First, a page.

Browsing by Author "Adendorff, Hanelie"
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- ItemFactors influencing the learning process in first-year chemistry(AFRICAN SUN MeDIA, 2009) Adendorff, Hanelie; Lutz, MarietjieIntroduction: [First-year chemistry students] think that by being in class the information is magically absorbed and stored in their brains. This sentiment, as expressed by a first-year chemistry student at Stellenbosch University, might not come as a surprise to most academics. Convincing students to actively engage with the process of learning is not an easy task and often defeats our best efforts and purest intentions. Teaching and learning experts suggest that we can change this by changing our assessment strategies (Gibbs, 1999; Gibbs & Simpson, 2004).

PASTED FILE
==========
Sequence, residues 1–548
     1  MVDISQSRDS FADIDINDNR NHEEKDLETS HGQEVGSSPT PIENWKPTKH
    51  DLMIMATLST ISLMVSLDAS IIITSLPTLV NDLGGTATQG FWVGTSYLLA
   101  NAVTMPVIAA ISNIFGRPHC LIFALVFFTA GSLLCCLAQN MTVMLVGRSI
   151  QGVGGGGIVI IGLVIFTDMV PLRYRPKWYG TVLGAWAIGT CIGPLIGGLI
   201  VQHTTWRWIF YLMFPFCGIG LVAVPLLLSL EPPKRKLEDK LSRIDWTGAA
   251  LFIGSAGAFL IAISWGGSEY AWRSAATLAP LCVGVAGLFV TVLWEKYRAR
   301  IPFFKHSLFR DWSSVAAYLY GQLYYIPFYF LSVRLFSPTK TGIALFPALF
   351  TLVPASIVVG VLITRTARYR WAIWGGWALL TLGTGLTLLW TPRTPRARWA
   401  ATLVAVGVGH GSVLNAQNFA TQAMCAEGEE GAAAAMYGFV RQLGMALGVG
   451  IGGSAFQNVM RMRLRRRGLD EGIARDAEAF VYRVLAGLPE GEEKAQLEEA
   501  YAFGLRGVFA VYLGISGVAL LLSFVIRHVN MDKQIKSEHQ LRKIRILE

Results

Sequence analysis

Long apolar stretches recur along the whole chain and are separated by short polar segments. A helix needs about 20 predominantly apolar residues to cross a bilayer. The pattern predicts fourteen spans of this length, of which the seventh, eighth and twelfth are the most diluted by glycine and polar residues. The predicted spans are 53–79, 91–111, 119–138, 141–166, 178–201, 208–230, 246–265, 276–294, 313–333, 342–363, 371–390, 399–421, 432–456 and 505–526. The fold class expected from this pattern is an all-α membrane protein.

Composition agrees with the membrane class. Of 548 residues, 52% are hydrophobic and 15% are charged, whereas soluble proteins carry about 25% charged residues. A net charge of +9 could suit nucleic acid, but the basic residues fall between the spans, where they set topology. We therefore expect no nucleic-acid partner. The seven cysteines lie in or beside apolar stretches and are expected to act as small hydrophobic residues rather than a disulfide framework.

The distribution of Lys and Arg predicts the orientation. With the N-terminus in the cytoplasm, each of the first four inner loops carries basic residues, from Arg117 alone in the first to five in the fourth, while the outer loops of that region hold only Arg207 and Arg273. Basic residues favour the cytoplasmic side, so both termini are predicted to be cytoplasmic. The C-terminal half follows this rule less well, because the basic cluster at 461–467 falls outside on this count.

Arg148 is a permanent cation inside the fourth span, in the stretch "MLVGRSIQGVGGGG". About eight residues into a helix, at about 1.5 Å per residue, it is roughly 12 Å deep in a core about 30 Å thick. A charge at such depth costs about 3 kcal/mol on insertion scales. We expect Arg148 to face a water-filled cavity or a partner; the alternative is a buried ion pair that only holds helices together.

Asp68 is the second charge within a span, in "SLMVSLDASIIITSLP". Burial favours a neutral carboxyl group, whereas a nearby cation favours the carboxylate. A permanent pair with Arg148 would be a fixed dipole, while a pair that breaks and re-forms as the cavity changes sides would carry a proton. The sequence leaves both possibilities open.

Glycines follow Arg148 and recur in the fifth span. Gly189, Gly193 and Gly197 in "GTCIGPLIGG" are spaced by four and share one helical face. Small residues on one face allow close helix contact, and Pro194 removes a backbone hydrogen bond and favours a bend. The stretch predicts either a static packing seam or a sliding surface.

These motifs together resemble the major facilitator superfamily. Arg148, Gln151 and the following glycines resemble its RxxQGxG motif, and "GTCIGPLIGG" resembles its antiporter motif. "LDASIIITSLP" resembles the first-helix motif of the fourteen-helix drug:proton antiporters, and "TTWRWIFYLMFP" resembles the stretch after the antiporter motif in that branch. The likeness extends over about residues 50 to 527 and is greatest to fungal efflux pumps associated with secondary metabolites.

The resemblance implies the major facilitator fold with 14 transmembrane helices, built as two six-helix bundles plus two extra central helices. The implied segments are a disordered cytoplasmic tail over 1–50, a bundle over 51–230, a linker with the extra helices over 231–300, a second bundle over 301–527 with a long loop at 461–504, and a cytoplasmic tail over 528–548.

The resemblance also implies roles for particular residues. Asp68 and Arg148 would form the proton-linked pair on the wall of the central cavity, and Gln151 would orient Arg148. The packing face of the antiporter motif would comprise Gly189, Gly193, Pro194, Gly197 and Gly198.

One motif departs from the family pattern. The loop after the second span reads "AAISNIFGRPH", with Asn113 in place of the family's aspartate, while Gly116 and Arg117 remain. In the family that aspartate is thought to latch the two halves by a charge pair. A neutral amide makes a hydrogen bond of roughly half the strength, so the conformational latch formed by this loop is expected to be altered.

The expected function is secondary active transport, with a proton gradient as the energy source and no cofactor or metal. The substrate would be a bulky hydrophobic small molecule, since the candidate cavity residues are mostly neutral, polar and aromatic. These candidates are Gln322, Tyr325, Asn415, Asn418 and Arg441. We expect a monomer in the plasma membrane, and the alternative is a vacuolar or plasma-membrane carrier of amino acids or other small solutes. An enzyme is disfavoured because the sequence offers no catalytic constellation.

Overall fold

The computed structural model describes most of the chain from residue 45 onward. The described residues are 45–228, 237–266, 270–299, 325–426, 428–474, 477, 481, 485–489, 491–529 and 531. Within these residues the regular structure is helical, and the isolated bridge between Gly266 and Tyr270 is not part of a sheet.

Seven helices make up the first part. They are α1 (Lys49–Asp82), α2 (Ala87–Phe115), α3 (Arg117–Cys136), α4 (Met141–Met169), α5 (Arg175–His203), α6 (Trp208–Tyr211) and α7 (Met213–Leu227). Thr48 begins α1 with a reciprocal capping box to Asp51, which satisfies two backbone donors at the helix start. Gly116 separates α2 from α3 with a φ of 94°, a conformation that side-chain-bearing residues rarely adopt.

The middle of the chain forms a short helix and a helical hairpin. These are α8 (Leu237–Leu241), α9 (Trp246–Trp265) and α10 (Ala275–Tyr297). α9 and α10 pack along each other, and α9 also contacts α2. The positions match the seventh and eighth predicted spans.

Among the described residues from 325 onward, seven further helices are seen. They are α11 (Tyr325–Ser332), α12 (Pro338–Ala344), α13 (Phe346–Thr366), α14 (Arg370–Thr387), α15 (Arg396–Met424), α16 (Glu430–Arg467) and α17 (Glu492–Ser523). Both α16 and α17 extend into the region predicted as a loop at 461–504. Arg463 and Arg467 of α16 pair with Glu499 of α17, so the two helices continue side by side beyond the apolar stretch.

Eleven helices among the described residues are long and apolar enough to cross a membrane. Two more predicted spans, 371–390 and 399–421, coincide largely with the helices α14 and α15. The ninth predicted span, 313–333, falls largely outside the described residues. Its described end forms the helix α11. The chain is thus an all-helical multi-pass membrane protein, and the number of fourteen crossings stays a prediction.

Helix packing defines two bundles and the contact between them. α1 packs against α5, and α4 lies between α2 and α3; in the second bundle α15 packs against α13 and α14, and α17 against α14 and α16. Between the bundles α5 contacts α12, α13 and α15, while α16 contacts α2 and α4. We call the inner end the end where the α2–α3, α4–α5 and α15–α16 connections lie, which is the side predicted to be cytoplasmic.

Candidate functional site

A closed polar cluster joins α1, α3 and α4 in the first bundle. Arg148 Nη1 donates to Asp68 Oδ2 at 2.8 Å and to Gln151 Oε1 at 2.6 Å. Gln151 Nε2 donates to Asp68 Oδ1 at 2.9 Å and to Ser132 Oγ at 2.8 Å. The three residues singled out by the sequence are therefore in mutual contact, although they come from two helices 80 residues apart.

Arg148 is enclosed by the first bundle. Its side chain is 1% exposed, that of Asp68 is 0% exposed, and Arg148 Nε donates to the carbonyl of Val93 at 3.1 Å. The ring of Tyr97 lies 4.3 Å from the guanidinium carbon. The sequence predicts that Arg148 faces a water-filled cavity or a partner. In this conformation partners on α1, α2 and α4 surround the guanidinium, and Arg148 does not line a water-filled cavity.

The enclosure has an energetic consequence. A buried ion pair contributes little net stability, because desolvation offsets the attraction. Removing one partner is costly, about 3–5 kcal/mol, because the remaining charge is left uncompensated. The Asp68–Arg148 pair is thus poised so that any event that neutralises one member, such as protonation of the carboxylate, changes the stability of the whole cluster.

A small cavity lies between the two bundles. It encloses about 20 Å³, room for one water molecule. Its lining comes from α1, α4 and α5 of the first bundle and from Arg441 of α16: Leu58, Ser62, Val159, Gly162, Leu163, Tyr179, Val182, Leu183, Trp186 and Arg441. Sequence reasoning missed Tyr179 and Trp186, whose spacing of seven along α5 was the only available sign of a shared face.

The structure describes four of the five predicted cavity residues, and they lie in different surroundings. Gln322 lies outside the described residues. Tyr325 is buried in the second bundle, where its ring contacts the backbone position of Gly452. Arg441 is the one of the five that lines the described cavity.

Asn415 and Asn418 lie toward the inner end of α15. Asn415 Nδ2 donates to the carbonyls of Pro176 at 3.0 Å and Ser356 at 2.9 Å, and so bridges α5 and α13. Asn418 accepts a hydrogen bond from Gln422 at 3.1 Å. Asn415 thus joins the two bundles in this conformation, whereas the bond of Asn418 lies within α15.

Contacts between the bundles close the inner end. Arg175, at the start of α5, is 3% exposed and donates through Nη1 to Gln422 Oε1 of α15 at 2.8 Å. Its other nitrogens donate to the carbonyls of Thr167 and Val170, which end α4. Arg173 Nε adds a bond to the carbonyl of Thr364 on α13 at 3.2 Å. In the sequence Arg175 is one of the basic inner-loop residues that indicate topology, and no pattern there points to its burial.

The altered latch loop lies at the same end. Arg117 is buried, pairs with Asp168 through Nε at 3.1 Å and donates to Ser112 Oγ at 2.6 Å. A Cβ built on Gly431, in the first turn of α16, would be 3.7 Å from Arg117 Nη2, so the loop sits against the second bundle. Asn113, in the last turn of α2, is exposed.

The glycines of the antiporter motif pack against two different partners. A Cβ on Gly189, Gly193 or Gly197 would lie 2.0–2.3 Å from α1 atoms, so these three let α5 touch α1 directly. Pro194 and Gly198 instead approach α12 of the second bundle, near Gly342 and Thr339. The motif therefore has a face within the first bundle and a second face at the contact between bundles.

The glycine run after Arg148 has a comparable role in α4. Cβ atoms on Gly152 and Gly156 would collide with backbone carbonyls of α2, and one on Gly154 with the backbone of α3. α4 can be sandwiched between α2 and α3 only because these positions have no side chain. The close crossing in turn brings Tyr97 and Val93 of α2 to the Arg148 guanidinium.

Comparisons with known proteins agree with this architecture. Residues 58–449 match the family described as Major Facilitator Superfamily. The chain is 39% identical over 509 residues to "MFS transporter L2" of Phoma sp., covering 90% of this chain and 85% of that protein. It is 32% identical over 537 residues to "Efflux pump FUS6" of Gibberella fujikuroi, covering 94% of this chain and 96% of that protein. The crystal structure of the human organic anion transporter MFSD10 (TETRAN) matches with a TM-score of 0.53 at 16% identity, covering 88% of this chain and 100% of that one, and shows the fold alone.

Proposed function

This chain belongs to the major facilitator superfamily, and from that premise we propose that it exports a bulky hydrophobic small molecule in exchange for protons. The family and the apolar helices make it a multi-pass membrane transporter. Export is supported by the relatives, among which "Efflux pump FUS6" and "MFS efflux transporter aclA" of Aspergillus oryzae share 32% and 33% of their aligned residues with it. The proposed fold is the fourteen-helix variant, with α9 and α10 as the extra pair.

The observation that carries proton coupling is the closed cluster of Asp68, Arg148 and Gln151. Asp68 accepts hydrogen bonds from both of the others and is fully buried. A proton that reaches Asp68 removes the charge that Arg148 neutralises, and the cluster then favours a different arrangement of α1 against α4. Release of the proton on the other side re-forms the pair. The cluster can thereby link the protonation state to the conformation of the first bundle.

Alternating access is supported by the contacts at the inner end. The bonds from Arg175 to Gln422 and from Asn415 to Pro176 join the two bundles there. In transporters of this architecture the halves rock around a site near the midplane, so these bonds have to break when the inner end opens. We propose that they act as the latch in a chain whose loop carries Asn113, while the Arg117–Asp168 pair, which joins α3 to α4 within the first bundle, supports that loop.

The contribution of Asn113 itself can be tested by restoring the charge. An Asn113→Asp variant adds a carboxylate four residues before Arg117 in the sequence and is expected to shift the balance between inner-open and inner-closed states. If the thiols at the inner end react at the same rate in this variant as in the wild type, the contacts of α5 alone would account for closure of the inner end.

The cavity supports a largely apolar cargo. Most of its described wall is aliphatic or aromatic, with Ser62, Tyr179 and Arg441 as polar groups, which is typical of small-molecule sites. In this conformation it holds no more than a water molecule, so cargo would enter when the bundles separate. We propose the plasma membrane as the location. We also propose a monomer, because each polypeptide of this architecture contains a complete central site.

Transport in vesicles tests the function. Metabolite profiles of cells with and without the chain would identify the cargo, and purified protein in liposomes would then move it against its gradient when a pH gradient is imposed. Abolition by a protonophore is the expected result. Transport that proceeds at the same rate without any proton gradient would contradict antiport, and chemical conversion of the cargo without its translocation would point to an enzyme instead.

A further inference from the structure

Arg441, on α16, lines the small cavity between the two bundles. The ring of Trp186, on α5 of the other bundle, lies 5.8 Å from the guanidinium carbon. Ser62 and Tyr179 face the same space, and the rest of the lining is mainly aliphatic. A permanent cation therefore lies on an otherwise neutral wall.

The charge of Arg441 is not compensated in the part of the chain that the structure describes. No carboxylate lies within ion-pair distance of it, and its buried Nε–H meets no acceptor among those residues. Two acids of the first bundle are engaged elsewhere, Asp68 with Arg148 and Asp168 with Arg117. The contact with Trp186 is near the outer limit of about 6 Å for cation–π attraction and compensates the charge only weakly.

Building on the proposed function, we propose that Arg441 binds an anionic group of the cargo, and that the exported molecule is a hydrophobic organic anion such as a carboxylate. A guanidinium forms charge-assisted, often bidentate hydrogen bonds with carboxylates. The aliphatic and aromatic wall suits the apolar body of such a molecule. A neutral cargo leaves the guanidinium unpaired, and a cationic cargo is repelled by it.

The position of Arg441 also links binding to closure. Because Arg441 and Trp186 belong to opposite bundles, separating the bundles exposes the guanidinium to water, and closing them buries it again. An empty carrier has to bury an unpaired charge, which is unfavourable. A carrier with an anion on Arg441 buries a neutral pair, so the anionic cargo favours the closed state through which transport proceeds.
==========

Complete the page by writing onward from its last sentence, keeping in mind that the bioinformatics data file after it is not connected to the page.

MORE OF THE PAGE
- ItemThe relationship between identity, language and teaching and learning in higher education in South Africa(Stellenbosch University, 2005) Leibowitz, Brenda; Adendorff, Hanelie; Daniels, Shariefa; Loots, Ansie; Nakasa, Sipho; Ngxabazi, Nosipiwo; Van der Merwe, Antoinette; Van Deventer, IdiletteThe study on the relationship of identity, language and teaching and learning was conducted by a team of eight members at a higher education institution in the Western Cape. The aims of the research were to investigate the relationship between language, identity and learning, to show how this investigation can benefit dialogue about transformation, and to facilitate the research development of the team. The research design made use of narrative and educational biography in semi-structured interviews with 64 staff members and 100 students. The study supports views of identity as constructed and non-unitary. It shows how language, both as proficiency in the dominant medium of communication and as discourse, is a key component of identity in a higher education institution. The interviews demonstrated how, according to lecturers and students, language and discourse function as primary influences on individuals’ acculturation and integration into the academic community. According to the interviewees, language as a marker of identity is interwoven with other aspects of identity. It is both a resource and a source of identification and affiliation. The research demonstrated that dialogue and self reflection can be facilitated via research into identity, teaching and learning, and that this can be beneficial for both the interviewees and the research team.